Journalist Joe Clifford drove from California to Nevada to report on the recent SEMA show, crossing the desert in a Lexus RX 450h. This is the story of his trip.
Standing in the middle of the Mojave Desert in Southern California, USA, I was convinced that I was further from human civilisation than I have ever been in my entire life.
Dotted with dessicated plant life rising from volcanic cinder, the dry basin off Kelbaker Road lies in the heart of the Mojave National Preserve. It extends from shimmering mirage on the westerly horizon to the abrupt rise of the Granite Mountains to the east. As these edifices reached their peak, muted earth tones surrendered to an azure sky, dazzling in its saturation.
The blue was crisscrossed with aircraft vapour trails, insinuating that I was positioned far below as piggy-in-the-middle of an aerial game being played between the cities of Los Angeles and Las Vegas. In a way, it was true. But standing there taking in those breathtaking surroundings, I didn’t feel that being earthbound was a second-rate choice.
Having left Los Angeles a few hours previously, my decision to commune with nature in the Mojave Desert marked the halfway point in a road trip to Las Vegas, where I planned to attend the annual SEMA show. It was a journey designed to help me connect two ends of the Lexus spectrum, the vehicle for which was the newest model in today’s line-up, the fourth-generation RX.
The starting point that morning had been the coastal city of Torrance, home to Lexus and parent company Toyota in North America. Nestled among the manufacturer’s sprawling campus is an unmarked industrial unit that contains a phenomenal collection of museum-piece cars, one of which is this pristine white Lexus LS 400 (below).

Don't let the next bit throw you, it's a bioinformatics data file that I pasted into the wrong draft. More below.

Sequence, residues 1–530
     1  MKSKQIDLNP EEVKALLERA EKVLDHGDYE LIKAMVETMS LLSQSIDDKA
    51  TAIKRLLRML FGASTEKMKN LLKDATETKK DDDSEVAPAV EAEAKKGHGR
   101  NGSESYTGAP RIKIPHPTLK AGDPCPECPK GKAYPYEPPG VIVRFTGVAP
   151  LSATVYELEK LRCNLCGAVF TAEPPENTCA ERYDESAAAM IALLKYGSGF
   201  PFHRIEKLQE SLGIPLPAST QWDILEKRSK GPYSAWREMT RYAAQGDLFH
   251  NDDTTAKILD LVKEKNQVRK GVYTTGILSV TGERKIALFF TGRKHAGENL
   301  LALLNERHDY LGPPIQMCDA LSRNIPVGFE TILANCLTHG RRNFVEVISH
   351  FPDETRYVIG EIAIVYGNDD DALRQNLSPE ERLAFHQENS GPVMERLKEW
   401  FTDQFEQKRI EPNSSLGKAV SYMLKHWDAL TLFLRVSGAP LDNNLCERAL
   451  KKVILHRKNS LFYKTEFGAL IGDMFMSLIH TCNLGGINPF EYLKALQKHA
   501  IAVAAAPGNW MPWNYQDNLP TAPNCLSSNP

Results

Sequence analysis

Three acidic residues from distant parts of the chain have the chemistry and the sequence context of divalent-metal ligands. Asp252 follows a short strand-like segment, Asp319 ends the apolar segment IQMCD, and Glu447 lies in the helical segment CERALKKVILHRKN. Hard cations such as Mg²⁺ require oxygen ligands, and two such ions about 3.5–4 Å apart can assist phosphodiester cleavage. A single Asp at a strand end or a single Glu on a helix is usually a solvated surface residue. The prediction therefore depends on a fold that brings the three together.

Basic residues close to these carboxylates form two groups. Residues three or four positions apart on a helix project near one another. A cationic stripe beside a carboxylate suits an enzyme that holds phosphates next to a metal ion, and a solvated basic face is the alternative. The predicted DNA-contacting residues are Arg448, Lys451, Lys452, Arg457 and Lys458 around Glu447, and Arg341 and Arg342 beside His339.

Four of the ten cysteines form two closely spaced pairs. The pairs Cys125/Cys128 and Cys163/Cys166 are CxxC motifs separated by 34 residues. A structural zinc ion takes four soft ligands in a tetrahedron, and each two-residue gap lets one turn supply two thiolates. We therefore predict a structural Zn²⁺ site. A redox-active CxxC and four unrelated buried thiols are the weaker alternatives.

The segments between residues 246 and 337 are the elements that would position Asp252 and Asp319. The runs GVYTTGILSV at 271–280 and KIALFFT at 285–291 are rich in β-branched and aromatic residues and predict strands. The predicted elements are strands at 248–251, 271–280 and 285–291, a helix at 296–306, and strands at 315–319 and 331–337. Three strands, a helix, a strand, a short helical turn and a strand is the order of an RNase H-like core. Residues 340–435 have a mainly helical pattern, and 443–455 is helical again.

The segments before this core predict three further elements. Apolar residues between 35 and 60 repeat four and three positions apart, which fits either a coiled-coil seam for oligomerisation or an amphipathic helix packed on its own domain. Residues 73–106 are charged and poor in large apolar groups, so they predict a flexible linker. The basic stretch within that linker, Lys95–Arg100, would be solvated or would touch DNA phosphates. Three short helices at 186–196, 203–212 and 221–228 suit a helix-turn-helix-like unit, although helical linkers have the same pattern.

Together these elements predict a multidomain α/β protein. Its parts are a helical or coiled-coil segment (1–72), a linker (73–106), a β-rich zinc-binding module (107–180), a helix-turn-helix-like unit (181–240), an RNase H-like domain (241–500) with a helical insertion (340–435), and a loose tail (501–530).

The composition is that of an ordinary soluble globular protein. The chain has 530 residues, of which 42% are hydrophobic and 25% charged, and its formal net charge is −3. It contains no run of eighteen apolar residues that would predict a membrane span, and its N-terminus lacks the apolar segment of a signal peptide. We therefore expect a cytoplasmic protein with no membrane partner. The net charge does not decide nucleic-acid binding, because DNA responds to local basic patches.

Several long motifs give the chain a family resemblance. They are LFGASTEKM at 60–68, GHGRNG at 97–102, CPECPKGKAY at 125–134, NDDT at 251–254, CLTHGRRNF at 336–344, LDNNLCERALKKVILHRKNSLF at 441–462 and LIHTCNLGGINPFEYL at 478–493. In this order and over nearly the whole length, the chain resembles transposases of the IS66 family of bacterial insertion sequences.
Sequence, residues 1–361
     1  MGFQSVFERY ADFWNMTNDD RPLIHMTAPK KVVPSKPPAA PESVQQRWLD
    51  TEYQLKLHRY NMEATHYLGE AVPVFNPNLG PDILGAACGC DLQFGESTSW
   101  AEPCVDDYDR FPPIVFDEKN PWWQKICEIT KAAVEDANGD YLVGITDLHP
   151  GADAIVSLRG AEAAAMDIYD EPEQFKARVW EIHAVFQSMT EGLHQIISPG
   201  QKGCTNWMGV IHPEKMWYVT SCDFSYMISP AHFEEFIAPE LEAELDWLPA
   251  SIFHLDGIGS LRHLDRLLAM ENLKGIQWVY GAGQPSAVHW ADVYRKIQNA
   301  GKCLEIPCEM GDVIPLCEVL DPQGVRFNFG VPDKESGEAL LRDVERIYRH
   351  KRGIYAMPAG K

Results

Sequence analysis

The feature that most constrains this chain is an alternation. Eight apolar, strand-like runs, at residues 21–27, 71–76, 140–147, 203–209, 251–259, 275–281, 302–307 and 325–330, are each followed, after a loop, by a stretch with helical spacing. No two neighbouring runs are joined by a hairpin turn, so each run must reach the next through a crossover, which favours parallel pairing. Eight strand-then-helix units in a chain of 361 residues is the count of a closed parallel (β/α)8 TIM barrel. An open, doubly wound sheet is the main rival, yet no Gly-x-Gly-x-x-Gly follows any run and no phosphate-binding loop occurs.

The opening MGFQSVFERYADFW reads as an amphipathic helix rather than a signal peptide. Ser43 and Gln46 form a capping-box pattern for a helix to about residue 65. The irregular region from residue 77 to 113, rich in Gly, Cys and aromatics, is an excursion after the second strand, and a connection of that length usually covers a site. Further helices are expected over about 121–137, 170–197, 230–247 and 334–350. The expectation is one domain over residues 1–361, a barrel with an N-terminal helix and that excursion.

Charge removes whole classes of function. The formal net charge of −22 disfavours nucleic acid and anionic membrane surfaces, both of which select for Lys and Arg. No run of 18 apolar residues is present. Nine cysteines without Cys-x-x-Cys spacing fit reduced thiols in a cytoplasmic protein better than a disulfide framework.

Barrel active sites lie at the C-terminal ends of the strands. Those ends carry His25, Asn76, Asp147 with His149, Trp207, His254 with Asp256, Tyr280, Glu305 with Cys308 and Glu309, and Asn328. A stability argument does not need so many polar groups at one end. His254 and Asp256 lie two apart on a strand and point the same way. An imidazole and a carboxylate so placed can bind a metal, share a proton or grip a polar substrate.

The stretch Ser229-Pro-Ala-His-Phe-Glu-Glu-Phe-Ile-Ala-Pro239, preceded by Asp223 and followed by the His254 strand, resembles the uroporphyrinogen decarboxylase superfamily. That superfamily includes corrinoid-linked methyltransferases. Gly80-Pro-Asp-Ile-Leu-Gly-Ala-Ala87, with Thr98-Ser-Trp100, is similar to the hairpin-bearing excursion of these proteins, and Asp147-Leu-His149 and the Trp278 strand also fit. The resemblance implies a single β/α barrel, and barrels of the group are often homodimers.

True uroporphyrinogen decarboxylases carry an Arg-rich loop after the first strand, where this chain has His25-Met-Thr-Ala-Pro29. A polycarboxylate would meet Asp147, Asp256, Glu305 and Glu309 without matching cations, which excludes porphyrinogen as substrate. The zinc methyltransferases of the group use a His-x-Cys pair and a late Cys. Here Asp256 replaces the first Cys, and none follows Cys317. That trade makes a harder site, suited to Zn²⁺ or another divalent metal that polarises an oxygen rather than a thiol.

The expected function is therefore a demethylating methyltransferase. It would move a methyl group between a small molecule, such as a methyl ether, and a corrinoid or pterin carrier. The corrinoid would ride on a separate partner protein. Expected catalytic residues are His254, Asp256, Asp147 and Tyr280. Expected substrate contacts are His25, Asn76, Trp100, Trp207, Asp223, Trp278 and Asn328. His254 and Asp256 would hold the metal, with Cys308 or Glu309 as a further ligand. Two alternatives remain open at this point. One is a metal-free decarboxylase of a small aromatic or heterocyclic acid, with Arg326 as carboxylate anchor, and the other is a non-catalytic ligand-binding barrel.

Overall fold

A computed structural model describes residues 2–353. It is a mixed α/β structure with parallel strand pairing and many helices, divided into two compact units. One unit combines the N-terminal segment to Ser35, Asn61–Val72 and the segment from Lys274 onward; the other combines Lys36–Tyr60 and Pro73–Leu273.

Built in June 1989 and shipped to the US ahead of the model’s public launch on 1 September 1989, it is one of the oldest Lexus models in existence. What’s more, with a little over 16,000 miles showing on the odometer, this landmark vehicle remains virtually brand-new in every sense.
Having written many articles on the history of Lexus models, I have immense respect for the engineering and craftsmanship that went into its development. But to my eyes the LS 400 is very much an analogue product, whereas the RX 450h outside is a sharp-suited reminder that we are now in the digital age. It feels more than 27 years ahead in terms of design, interior packaging and powertrain technology. In fact, I cannot imagine a circumstance where I might be tempted to choose the first-generation LS over a current RX.
This chasm between old and new was reinforced in my escape from the hustle and bustle of Los Angeles. A pall of smog tinged the sky above the San Joaquin Valley a dirty shade of yellow, so I was thankful that the RX’s sophisticated climate control system monitors pollution levels and can automatically seal me from the outside world to maintain interior air quality.
In addition, the combination of adaptive cruise control and blind spot monitoring – elements of the Lexus Safety System + suite – is ideally suited to the American road network. With both systems activated you can settle into a single lane of the highway and maintain a safe distance from the car in front, while also being forewarned that more stressed-out drivers might be making their overtaking maneuvers on either side.